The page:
SKOWHEGAN — What do you get when you combine campy comedy, cult comics and nostalgia?

You get the movie “Tank Girl” at the Skowhegan Drive-in Theater Thursday as part of the 14th annual Maine International Film Festival.

The 1995 action comedy, based on a British cult comic strip, has the tank-riding anti-heroine fighting a mega-corporation that controls the world’s water supply, according to promotional information on the movie. It’s 2033 and justice rides a tank and wears lip gloss.

The movie stars Lori Petty, Ice-T and Naomi Watts and features actor Malcolm McDowell as the campy villain, Kesslee. McDowell is the recipient of this year’s Mid-Life Achievement Award at the film festival.

One of only six drive-in movie theaters left in Maine, the Skowhegan Drive-in looks pretty much like it did when it opened for business in the summer of 1954 — a 50-by-80-foot movie screen, parking slots for 350 cars and a concession for hot dogs, popcorn and soda pop, says long-time theater manager Doug Corson.

Corson, a retired French language teacher and Bowdoin College graduate, said he has worked at the Skowhegan Drive-in in one capacity or another since he graduated from Skowhegan High School in 1956. He has been manager for the past 30 years.

“I think, for a lot of us who grew up with drive-ins, there’s a great deal of nostalgia,” Corson said. “Once in a while somebody will come in and say they hadn’t been for 20 or 30 years and they can remember when, so I think nostalgia is a factor.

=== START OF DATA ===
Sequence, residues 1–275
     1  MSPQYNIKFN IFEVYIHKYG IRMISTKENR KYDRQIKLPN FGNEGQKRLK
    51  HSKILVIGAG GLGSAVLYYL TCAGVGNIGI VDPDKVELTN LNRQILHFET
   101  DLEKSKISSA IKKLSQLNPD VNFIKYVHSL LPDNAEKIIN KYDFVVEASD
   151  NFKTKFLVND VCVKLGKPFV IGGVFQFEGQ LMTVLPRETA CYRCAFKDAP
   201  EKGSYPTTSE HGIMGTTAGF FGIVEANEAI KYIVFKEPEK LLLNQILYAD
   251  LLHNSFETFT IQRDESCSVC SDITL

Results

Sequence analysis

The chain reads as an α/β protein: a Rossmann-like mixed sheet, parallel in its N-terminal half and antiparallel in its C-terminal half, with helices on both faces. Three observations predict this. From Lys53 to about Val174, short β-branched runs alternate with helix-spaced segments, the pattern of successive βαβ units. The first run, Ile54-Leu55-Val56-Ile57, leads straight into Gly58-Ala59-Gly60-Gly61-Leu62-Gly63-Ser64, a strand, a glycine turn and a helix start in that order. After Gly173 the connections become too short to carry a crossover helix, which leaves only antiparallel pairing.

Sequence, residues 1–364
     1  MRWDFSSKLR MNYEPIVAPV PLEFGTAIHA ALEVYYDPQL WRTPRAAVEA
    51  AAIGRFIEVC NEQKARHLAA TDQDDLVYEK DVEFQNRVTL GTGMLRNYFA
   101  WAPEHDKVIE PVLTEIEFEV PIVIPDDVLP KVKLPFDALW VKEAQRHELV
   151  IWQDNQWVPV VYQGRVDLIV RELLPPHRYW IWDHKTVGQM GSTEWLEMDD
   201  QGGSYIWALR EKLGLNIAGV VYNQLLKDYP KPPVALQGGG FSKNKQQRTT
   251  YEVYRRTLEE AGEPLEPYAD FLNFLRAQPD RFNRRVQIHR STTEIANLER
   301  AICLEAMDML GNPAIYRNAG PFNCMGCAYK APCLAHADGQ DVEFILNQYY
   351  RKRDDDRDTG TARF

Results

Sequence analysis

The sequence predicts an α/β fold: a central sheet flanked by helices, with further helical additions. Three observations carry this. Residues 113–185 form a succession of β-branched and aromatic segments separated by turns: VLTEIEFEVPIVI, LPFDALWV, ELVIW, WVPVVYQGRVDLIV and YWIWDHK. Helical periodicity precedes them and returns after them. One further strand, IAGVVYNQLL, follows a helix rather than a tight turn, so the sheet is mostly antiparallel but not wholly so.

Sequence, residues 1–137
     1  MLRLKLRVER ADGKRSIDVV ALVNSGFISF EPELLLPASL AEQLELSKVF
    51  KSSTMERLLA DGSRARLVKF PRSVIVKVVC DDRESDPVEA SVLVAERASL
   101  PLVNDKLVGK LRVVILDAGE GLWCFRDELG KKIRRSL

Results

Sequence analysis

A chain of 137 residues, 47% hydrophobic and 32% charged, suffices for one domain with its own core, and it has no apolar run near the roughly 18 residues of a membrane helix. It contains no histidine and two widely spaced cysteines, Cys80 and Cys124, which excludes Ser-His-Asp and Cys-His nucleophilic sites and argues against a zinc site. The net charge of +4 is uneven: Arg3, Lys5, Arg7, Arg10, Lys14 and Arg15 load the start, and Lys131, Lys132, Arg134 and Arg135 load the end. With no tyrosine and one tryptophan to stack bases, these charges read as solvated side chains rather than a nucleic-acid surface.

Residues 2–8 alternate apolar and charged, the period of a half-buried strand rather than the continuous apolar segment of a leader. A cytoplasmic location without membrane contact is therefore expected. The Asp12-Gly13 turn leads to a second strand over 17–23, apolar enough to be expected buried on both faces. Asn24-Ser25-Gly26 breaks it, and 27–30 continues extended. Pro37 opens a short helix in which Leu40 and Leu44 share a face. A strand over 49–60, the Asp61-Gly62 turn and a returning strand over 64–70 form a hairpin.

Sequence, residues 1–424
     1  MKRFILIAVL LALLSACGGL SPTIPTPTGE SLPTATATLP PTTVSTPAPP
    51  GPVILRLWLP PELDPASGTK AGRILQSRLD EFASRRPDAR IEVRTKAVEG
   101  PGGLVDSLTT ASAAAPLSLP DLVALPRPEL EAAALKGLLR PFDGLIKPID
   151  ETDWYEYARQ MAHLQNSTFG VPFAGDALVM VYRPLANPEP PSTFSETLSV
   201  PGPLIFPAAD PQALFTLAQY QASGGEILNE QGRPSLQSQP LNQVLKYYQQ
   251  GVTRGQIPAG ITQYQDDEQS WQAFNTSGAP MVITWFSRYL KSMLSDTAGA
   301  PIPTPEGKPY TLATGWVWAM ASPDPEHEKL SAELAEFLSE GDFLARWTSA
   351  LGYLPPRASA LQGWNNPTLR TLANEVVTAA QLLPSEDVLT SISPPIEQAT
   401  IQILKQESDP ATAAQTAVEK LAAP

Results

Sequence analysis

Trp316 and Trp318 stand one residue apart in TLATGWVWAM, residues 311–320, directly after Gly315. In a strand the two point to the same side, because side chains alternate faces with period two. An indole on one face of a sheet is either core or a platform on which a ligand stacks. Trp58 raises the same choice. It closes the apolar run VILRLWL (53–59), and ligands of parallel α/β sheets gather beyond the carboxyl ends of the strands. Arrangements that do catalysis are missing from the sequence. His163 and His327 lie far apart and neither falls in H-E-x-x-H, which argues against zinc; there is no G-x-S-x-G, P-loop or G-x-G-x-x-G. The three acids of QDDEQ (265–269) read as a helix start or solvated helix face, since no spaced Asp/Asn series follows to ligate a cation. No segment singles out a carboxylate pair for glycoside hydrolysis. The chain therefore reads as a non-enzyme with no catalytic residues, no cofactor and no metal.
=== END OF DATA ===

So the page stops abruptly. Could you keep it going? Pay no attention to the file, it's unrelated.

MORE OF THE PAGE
“Young families are aware that the drive-in may be a vanishing breed and so a lot of them do like to come while they can and enjoy it while they can.”

The drive-in was built by Lockwood & Gordon Co. of Boston, which also built the original Strand Theater in Skowhegan. The drive-in is owned by Encor Corp. of Needham, Mass.

This is the third year that the festival has used the drive-in as a festival site for a showing, and for good reason, said festival programmer Ken Eisen.

“We’re really excited about doing it and I think more and more people are getting into the spirit of it each time,” Eisen said. “I think we’ve got the perfect movie this year.”

Eisen said a drive-in movie theater was appealing because it is an unexpected venue for a film festival.

“There’s this idea that film festivals are hoity-toity in some way, which is something we are at odds to get rid of in general,” he said. “Increasingly there are less drive-ins out there in the world, so it’s almost like a living museum in some ways and we’re very fortunate to have Skowhegan there and I think there are certain films that just lend themselves to that screening condition.

“I think ‘Tank Girl’ will be fun, but you have to be in the right mood, and I think the drive-in will help with that,” Eisen said. “It’s a fun, futurist romp that also plays with gender roles, among other things.”

Showtime is 8:30 p.m. at the drive-in on Waterville Road, U.S. Route 201, south of downtown Skowhegan. Tickets are $6.

The 14th annual Maine International Film Festival began Friday and runs through July 24 at Railroad Square Cinema and Colby College in Waterville. The 10-day festival features nearly 100 films.

Doug Harlow — 612-2367

[email protected]


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